"1 1 1 0 1 0 1 0 1"
The code shown above will be imprinted as the point like images of LED 7a as depicted in FIG. 8.
The film to which the above mentioned code is imprinted is printed as shown in FIG. 9A by a printing device which will be described later. FIG. 9A shows that the data is recorded on the reverse surface of the printing paper. In FIG. 9B, different from FIG. 9A, the data is recorded onto the front surface of the recording paper. In this case, the code imprinted into the film is "011010101" in which the first bit point-like image is not imprinted.
With respect to the first embodiment, it has been described that the data is selectively recorded onto the front surface or the reverse surface of the printing paper. However if there is a case where more data other than in the first embodiment are required, for instance, a photographing date data, a photographing time data, a film count data, or the like.
The second embodiment shows that the data divided into two groups and recorded onto the front surface and reverse surface of the printing paper, respectively. For example, the data closely related to the picture is recorded onto the front surface and the data remotely related to the picture is recorded onto the reverse surface.
FIG. 10 shows a perspective view of the camera of the second embodiment. The selecting member 5' is switchable to three positions "reverse", "front", and "both". Note that the same member as in FIG. 1 is referred by the same numeral and detailed explanation of which will be omitted. The code arrangement of the second embodiment is shown in FIG. 11. The code that should be recorded onto the front surface of the printing paper is imprinted within the picture frame range, and the code that should be recorded onto the reverse surface of the printing paper is imprinted on the perforation side.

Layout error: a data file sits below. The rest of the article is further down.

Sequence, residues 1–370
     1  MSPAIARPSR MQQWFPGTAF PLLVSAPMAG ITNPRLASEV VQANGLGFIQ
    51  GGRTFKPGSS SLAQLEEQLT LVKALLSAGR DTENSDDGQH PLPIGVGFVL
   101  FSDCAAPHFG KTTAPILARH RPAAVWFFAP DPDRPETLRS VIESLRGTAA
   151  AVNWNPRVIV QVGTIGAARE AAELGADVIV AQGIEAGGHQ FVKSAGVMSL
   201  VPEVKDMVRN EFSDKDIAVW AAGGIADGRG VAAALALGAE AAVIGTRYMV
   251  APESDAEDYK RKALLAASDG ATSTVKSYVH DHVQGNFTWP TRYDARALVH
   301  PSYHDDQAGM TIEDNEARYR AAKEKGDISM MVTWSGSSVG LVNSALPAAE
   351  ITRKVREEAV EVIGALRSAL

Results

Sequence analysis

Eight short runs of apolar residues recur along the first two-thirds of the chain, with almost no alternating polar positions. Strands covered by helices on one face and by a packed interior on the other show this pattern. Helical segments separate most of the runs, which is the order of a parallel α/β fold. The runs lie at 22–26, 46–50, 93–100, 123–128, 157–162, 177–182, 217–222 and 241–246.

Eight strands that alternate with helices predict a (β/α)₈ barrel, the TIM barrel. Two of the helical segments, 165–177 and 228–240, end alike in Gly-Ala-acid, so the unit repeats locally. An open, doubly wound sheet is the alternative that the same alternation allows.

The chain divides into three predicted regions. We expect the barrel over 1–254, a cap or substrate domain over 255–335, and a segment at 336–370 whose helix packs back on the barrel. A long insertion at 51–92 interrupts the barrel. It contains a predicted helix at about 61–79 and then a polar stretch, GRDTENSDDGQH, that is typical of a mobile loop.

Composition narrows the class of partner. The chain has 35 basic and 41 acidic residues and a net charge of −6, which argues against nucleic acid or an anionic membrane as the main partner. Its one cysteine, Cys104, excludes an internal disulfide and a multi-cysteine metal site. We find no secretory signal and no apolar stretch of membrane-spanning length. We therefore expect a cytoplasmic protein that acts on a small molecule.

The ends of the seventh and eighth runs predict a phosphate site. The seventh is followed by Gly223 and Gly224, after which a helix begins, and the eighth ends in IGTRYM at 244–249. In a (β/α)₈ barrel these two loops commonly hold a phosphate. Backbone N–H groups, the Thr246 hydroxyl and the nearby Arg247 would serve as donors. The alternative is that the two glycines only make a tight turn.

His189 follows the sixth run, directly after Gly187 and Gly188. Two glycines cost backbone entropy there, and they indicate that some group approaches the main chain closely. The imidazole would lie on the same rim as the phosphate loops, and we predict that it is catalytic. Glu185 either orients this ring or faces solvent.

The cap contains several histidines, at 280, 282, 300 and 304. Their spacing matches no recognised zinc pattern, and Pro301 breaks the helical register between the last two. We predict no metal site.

When selection member 5' depicted in FIG. 10 is positioned at the indication "reverse", the code at the perforation side is imprinted, when it is positioned at the indication "front", the code within the picture frame is imprinted, and when it is positioned at the indication "both", the both data are imprinted. FIG. 12 shows the camera of FIG. 11 in which the back panel (not shown) is opened. The difference over FIG. 3 is that LED denoted by 7a' are laterally located to constitute the code imprinting unit which is oppositely mounted to the emulsion surface of the film.
FIG. 13 shows a circuit diagram which essentially performs the second embodiment of the present invention. Note that the same member as in FIG. 4 is referred by the same numeral and detailed explanation of which will be omitted. There is provided switches SWA, SWB, and SWC which change their ON/OFF state in correspondence with the movement of the selection member 5'. These switches are constituted so that only one switch is in the on state at a time.
When the selection member 5' is switched to the indication "both" as shown in FIG. 10, the switch SWC becomes on and other switches SWA and SWB become off so that the IC terminal of the display microcomputer DMC goes to a high level. In this case, as shown in FIG. 14, a mark is displayed below the indication "both" of the liquid crystal display panel 4'.